- Cough associated with colds may be caused by nasal obstruction or postnasal drip. Clinical trials have found that most cough medications are no better than placebo in treating an acute cough. Medications with dextromethorphan may help somewhat, but treating nasal congestion (see above) may yield greater benefit. You can also try to avoid sleeping completely flat. Sleeping propped up on two or three pillows may do a great deal to help make breathing easier.
Antiviral Drugs (i.e. Tamiflu)
- Influenza is caused by a virus, so antibiotics don’t work to cure it. Tamiflu is approved for treatment of the flu, but requires a prescription and typically must be started within two days of the start of symptoms.
Hand Hygiene & Cough Etiquette
Keep your germs to yourself by covering your cough and cleaning your hands after coughing or sneezing.
Call the Health Services (or Dept. of Public Safety if the Health Services is closed) if:
- Your fever or symptoms are severe despite taking self-care medications
- You cannot self-hydrate due to nausea or vomiting
- You have medical questions
Call your Commons Dean if you need help with:
- Roommate issues
- Class Absences
- Non-medical questions
Usual; high (100F to 102F)
|General aches/pains||Slight||Usual; often severe|
|Fatigue, weakness||Sometimes||Usual; can last up to 2-3 weeks|
|Extreme exhaustion||Never||Usual; at beginning of illness|
|Chest discomfort, cough||Mild to moderate
|Common; can become severe|
||Bronchitis, pneumonia (can be life threatening)
For the first 24 hours, try to drink plenty of clear liquids. Drink slowly as much fluid as you can to fight dehydration and rest your system. Clear liquids include:
- Gingerale, Coca-Cola, or Pepsi (sip it "flat"- without the carbonation)
- Broth, bouillon or clear soups
- Clear juices such as cranberry or grape. (Drink apple juice only if you are not experiencing diarrhea.)
Gradually increase your diet as tolerated, to soft and bland foods:
- Soup (avoid heavy/creamy soups)
- Mashed potatoes
- Yogurt (avoid fruit flavors)
- Poached or scrambled eggs
- Sherbet, ice cream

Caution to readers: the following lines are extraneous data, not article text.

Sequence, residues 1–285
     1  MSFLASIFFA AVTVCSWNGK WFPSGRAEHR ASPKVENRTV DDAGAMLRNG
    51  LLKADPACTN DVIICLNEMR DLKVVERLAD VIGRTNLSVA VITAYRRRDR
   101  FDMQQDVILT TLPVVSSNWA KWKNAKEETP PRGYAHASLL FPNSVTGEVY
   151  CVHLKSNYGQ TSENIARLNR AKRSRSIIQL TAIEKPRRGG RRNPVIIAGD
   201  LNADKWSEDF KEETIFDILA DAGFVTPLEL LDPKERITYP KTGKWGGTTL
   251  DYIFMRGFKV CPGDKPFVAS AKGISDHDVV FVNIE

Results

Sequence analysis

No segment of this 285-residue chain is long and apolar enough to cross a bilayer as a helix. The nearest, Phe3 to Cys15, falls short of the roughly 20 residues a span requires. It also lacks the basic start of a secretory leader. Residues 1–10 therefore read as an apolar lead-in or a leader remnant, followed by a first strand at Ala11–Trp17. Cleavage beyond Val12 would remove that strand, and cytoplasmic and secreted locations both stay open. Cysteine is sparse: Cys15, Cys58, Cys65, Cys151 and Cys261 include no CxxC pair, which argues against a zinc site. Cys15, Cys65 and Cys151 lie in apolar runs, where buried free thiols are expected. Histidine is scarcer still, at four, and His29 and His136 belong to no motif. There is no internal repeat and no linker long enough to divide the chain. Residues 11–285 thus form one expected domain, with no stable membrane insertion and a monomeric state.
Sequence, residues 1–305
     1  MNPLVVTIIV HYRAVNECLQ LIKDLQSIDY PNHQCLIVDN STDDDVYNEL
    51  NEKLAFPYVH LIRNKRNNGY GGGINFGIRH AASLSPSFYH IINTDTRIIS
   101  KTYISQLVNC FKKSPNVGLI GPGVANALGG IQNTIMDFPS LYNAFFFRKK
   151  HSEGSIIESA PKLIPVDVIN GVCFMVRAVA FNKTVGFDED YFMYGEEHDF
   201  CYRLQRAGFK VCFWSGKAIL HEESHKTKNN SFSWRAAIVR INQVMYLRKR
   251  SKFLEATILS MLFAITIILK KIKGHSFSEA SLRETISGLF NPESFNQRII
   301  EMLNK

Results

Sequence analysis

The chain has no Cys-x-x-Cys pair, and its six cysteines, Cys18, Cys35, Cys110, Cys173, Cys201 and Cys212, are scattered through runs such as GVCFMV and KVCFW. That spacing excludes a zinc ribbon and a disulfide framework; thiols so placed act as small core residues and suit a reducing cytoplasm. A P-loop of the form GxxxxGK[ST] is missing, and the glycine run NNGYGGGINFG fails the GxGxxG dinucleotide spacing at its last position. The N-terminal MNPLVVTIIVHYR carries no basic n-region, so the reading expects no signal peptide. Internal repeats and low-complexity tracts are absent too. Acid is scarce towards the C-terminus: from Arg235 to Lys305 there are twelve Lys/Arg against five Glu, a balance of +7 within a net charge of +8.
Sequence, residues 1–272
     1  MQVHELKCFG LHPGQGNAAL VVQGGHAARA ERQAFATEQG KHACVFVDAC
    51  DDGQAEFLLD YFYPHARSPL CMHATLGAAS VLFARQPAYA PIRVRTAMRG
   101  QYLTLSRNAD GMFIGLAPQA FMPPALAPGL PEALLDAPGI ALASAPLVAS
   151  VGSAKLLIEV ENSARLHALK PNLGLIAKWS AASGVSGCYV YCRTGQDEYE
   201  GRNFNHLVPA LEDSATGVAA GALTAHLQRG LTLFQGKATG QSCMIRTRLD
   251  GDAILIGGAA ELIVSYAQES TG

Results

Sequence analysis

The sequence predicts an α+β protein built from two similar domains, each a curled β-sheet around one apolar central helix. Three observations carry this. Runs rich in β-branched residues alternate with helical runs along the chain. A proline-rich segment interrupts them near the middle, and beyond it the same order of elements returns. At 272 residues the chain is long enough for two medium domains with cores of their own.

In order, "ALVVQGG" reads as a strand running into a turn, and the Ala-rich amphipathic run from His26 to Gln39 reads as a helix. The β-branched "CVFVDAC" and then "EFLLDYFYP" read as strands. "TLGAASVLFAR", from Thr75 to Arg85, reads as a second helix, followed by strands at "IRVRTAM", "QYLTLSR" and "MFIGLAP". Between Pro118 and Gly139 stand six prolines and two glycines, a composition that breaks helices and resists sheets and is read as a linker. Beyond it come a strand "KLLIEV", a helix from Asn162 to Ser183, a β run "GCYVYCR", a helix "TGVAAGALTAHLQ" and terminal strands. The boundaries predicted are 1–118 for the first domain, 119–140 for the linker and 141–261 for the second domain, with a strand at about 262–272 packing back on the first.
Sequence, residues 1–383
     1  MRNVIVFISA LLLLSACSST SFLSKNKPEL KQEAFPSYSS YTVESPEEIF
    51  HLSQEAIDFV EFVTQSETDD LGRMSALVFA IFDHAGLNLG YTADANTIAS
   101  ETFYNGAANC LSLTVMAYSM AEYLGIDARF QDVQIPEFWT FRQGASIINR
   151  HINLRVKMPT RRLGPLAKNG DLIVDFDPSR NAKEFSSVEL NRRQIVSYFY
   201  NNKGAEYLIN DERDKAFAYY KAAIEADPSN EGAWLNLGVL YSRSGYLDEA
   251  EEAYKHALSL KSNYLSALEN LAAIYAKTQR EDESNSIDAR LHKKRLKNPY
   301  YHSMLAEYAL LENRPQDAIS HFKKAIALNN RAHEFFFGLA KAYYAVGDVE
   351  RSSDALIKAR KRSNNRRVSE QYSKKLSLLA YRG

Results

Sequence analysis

- Cottage cheese
- Fruit juices
- Boiled or broiled meats
Most milk products should be avoided until nausea, vomiting and diarrhea are completely resolved. Avoid alcoholic beverages, heavy desserts, coffee, and fatty/greasy or spicy foods. If these foods are ingested too early, they may irritate the stomach and intestinal system, causing more diarrhea and discomfort. If nausea, vomiting or diarrhea continue or if abdominal discomfort persists, please call the Health Services at ext. 5135 to make an appointment.
Health Services provides travel immunizations to students going abroad. Immunization requirements vary depending on the student's itinerary, past medical history and previous immunizations. Students should prepare for travel vaccines at least 3-6 months before your date of departure.
Prior to your travel visit you'll need to be prepared by following these simple steps:
1. Stop by the Health Services to receive your travel packet which includes a "Travax" report specific to your travel destination(s).
2. Complete the Travel Questionnaire. You must bring this completed questionnaire with you to your appointment.
3. Schedule your appointment with the doctor or nurse practitioner.
HIV testing and physical exams may also be required for some travel destinations and are available at the Health Services. Additional information about travel immunizations can be obtained by contacting the Centers for Disease Control (CDC) either by phone (1-404-332-4565) or the Internet http://www.cdc.gov/ The CDC will provide you with the most current immunization recommendations, as well as disease prevention information.